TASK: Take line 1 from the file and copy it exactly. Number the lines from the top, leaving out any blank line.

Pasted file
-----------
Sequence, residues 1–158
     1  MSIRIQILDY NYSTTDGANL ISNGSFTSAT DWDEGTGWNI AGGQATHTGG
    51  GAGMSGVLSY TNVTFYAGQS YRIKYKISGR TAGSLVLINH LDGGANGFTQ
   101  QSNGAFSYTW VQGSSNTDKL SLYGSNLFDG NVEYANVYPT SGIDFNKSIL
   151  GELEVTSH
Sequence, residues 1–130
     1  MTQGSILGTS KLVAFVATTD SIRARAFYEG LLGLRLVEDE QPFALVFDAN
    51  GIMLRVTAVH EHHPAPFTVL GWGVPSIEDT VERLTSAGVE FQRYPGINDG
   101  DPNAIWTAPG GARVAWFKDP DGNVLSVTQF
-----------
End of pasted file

Sequence, residues 1–158